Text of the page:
An interview with guitarist Anthony Gomes was featured on the Nov. 11 edition of Greasy Tracks as part of a program focusing on blues guitarists.
Click here to listen to the archive.
Gomes leads a trio featuring bassist Carlton Armstrong and drummer Freddy Spencer, Jr. at Bridge Street Live in Collinsville on Nov. 17.
Redefining blues-rock, Gomes believes that there can be a “message in the music” and strives to deliver a potent brand of original material that carries the spirit of the roots of blues, but he isn’t shy about giving a nod to key influences such as Jimi Hendrix, Albert Collins, B.B. King, Albert King, Stevie Ray Vaughan, Rory Gallagher and Jeff Beck whom he refers to as “the greatest living guitarist.”
“The blues is old, but not tired,” says Gomes, “it speaks as truthfully today, and for this generation, as it ever has.”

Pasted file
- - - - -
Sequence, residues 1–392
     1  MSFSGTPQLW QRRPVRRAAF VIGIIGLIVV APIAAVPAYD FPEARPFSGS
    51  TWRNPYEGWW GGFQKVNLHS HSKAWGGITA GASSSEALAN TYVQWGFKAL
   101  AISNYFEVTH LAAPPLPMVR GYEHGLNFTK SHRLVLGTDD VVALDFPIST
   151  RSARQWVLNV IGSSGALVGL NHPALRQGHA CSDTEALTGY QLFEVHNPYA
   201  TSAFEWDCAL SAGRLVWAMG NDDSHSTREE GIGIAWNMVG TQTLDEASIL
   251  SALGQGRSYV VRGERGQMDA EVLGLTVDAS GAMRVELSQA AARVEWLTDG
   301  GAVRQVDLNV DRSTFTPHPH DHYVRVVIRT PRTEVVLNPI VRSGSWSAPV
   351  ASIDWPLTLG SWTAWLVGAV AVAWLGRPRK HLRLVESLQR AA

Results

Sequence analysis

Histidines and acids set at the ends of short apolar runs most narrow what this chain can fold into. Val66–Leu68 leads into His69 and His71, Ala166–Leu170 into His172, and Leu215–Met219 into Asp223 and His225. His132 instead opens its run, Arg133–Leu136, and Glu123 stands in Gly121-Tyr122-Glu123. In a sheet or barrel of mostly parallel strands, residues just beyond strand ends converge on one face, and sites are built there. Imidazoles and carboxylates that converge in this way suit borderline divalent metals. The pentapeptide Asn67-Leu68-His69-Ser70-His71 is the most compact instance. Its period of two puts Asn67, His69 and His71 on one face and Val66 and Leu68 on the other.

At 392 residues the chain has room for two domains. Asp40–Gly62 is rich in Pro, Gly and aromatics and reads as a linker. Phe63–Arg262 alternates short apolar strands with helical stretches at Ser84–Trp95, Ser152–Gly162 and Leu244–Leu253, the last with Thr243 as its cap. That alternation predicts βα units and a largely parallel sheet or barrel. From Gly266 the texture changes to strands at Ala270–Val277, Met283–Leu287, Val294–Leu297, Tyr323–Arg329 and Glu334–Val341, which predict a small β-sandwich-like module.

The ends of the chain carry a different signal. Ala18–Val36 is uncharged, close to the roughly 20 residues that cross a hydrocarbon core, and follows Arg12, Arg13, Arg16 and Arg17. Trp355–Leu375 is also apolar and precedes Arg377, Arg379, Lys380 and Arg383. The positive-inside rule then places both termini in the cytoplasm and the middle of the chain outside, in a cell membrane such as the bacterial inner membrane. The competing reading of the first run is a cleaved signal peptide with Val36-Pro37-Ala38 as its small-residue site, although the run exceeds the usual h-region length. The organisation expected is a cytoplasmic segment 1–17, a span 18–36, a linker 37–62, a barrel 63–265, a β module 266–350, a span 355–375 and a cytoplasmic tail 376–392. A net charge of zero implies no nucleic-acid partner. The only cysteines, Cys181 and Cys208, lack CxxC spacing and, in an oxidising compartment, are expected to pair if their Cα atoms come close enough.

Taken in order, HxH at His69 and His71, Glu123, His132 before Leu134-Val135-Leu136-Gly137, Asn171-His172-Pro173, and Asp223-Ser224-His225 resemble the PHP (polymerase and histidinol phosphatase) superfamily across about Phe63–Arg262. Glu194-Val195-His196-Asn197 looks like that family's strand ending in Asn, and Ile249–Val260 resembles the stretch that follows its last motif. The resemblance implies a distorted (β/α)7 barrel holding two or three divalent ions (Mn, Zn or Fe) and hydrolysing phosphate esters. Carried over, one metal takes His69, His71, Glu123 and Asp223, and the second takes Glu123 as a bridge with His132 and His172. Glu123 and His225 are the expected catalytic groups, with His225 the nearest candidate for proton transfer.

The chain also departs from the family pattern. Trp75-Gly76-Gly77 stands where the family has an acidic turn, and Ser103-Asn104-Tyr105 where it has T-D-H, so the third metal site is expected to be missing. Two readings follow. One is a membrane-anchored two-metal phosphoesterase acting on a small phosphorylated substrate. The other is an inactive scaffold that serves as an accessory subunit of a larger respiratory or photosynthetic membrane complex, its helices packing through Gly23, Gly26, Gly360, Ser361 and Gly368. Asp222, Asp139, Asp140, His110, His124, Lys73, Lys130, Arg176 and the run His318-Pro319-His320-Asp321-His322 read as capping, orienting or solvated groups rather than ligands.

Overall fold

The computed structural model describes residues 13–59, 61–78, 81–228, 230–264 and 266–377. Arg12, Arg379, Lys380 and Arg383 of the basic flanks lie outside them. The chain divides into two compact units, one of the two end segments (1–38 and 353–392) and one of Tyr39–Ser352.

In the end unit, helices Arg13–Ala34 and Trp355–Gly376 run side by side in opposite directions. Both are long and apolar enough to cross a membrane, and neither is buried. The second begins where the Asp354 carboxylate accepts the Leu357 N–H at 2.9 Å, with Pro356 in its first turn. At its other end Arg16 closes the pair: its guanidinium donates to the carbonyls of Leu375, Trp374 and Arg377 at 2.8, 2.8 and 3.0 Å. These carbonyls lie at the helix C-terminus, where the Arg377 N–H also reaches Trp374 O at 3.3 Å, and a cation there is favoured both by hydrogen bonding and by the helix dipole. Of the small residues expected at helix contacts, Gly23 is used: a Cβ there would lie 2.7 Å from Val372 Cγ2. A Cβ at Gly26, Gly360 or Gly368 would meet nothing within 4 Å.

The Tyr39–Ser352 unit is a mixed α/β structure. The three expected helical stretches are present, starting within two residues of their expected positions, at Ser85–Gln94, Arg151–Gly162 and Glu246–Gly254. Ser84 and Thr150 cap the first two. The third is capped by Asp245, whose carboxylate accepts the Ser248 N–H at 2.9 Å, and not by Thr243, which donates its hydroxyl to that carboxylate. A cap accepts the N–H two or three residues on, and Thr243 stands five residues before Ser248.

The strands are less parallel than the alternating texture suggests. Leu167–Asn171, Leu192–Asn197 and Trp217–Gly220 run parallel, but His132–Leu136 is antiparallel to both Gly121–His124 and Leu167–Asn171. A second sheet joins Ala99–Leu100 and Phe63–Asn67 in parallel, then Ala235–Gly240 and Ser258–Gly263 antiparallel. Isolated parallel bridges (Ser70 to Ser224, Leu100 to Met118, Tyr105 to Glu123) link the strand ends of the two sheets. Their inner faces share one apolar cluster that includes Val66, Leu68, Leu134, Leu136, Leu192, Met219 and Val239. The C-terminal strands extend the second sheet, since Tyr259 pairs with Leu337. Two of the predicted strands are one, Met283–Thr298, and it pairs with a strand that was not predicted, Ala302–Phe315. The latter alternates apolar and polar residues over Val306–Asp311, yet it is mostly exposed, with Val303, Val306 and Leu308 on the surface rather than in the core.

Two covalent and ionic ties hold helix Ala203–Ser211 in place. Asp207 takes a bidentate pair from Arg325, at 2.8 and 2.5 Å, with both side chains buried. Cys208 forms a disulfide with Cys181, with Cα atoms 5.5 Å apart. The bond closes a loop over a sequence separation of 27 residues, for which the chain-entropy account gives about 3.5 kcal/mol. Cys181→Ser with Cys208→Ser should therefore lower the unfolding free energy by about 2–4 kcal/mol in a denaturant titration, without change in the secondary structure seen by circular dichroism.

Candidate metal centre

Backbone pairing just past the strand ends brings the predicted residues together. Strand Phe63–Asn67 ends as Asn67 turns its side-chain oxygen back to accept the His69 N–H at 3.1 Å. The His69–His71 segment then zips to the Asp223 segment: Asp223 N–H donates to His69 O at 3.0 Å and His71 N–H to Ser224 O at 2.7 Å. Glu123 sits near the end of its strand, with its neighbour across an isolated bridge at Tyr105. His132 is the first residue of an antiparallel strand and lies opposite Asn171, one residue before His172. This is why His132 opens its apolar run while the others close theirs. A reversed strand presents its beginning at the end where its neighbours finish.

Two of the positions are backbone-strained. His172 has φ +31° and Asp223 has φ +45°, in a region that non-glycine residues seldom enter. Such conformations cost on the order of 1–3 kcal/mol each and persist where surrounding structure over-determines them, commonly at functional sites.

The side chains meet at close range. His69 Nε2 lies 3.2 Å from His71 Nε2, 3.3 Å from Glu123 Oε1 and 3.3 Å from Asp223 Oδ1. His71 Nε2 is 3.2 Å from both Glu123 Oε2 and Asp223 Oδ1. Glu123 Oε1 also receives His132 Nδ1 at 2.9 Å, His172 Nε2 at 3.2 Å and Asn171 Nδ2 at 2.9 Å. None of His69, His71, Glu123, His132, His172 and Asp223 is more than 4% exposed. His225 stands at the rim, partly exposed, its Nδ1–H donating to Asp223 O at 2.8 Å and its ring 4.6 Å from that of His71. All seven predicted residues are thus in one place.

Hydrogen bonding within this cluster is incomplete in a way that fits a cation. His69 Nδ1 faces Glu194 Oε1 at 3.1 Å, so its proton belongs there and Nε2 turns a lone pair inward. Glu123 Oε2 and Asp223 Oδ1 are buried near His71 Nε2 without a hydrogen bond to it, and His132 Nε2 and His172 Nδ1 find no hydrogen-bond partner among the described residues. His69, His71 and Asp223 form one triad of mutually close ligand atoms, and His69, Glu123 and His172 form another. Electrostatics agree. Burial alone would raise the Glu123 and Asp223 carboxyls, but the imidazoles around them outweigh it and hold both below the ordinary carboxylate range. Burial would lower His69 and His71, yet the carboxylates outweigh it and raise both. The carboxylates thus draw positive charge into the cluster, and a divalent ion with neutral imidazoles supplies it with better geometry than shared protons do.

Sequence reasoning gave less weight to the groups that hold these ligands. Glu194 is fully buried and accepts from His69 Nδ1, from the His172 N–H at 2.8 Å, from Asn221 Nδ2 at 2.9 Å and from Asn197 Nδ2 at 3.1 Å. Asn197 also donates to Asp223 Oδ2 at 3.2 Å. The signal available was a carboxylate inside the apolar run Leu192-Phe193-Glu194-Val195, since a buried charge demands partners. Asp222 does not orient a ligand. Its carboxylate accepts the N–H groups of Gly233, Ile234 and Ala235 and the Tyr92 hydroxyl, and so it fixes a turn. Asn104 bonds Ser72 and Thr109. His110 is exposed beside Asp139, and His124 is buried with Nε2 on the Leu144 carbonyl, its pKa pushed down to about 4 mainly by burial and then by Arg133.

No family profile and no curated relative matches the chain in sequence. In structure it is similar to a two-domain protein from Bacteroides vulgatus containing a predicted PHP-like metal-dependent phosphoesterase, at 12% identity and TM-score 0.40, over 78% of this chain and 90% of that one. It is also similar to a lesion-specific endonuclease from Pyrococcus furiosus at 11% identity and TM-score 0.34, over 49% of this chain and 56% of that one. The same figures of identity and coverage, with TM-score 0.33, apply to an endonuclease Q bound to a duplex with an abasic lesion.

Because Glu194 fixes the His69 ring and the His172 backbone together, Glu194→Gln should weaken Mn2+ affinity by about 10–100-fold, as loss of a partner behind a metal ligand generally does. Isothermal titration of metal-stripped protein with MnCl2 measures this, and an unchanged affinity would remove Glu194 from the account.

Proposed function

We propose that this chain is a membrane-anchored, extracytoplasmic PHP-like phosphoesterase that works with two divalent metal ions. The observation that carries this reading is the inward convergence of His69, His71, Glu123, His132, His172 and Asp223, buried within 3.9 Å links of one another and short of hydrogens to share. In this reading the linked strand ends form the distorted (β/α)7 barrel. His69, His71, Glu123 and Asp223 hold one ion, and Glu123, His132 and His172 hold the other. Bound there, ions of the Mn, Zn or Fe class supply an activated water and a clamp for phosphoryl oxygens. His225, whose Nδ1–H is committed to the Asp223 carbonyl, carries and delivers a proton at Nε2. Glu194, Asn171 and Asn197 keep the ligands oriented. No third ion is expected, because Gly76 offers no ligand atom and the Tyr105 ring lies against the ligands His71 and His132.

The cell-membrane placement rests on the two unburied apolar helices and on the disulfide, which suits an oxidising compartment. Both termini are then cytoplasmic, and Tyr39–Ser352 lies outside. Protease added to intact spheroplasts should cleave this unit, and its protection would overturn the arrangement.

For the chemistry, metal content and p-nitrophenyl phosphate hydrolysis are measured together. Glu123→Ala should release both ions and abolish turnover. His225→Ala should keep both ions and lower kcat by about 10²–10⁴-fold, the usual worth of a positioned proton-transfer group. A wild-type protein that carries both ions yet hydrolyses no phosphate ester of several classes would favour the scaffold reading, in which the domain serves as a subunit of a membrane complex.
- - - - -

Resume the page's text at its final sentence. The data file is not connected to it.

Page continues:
Born in Toronto, but based in St. Louis, Gomes has spent time honing his playing and writing chops in Nashville and Chicago. He’s released a dozen studio and live recordings, played in nearly 20 countries and shared the stage with the likes of B.B. King, Buddy Guy, Robert Plant, Joe Bonamassa, Jonny Lang, Robert Cray and Kenny Wayne Shepherd.
Gomes has been able to take his passion for music beyond the recording studio and stage via his non-profit organization, Music Is The Medicine Foundation which he founded in 2010. The group has helped children with cancer, young adults with autism and war veterans with PTSD. It has also funded songwriting scholarships, offered musical education programs and donated musical instruments and recording equipment to organizations in the United States and Canada.